New England Patriots head coach Bill Belichick sounded like a really bad rapper.
He just repeated himself. Over and over and over.
Every other phrase was "We're focused on Buffalo." In a desperate attempt to divert attention from the Spygate scandal, Belichick constantly spoke of a league violation as if it was a decades-old skeleton in the team's closet. Simultaneously, he hyped up the Patriots' upcoming game against Buffalo as the team's complete focus – those stern eyes glaring.
You'd think Belichick was preparing for the 1972 Miami Dolphins. Not an injury-ravaged 0-2 Buffalo team. The Patriots steamrolled the Bills 38-7 and then somehow bettered themselves seven weeks later on Sunday Night Football, 56-10.
Both blowouts were embarrassing proof that New England was more than a typical division bully. Mike Tyson was trading blows with the cast from The O.C. In the Patriots six divisional games, they outscored Buffalo, New York and Miami, 229-76. The Pats have won the last five division titles and Buffalo hasn't upset the Patriots since Sam Adams engulfed 97.9 percent of the Sports Illustrated cover in September 2003 after the Bills' 31-0 opening day shocker.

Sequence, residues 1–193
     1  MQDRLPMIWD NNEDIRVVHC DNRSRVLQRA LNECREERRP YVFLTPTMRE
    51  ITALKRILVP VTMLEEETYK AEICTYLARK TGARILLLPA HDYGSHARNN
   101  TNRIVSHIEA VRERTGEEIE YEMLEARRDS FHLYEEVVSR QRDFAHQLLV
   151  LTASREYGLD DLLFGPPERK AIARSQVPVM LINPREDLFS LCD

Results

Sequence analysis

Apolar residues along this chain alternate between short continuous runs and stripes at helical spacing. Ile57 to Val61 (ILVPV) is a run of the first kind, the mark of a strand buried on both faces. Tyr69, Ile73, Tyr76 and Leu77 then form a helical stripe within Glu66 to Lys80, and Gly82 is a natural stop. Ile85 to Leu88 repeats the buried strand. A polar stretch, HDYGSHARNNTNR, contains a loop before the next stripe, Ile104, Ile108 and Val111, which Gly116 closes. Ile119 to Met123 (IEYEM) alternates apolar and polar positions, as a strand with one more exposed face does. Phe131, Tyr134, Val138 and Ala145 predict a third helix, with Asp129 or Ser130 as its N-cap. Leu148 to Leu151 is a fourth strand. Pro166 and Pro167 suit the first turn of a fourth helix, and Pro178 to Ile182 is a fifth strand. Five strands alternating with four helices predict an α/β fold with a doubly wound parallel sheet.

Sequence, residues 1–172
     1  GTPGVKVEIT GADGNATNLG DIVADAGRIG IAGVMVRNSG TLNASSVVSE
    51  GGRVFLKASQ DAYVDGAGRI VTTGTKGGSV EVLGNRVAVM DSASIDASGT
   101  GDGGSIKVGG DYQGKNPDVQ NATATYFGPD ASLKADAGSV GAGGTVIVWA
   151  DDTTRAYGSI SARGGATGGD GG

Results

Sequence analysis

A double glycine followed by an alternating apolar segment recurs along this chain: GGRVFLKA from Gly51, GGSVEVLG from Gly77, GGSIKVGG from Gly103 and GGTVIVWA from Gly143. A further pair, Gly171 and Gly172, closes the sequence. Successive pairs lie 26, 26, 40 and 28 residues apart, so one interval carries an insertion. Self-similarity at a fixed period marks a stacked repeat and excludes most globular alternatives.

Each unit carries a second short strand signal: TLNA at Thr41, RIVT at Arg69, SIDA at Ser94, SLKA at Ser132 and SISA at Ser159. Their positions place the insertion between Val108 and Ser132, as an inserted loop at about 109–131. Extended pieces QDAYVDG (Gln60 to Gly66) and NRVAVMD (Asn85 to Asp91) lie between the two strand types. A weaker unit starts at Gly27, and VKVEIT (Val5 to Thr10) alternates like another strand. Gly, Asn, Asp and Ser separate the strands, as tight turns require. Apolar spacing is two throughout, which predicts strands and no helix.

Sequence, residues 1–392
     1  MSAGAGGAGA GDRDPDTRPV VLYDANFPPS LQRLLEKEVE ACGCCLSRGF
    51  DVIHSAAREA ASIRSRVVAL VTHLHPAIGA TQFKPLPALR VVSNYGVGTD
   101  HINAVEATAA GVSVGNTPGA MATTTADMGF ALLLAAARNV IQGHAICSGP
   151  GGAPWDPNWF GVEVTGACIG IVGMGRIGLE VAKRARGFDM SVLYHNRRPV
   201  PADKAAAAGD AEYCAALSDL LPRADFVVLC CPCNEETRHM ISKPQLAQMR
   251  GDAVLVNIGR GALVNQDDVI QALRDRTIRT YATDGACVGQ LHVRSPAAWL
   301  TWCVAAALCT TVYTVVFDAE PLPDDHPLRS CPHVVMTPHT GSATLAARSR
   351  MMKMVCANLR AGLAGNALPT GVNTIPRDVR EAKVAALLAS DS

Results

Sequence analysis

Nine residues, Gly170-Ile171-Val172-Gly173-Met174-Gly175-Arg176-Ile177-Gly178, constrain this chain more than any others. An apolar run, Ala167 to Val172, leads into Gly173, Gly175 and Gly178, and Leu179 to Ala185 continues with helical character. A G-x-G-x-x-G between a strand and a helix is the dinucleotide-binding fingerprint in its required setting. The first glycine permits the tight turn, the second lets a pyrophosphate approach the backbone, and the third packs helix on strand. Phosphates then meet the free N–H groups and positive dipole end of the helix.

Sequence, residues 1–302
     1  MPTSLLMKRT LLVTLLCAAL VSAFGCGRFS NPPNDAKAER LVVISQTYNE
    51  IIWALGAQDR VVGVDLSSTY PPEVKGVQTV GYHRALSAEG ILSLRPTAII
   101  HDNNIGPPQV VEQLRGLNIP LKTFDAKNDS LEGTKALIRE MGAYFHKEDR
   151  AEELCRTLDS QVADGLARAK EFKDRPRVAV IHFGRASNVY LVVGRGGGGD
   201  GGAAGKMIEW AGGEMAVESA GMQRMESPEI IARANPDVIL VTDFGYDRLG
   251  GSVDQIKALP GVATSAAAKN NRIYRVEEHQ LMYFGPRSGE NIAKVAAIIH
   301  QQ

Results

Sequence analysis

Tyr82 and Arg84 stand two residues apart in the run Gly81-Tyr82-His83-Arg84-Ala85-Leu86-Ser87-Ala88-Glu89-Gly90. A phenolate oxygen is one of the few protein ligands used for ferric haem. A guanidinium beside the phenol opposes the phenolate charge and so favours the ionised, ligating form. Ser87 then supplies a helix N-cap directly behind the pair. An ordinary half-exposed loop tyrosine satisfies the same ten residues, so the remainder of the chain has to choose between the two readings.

Nine straight losses.
But after the first week of free agency, the Bills and Jets (sorry ‘Fins) significantly closed the talent gap on the aging Patriots. AFC East games will not be Varsity vs. JV laughers in 2008.
Any team with Tom Brady, Randy Moss and Belichick must be etched in as the preseason division champ, but there will not be a nine-game difference between first and second as there was last season in the AFC East. Either the Jets or Bills are bound to upset New England at least once this coming year. Both young teams are building from within, while the Patriots are aging. By 2009 or 2010 lines may cross, and the Patriots Dynasty could actually be challenged in the AFC East.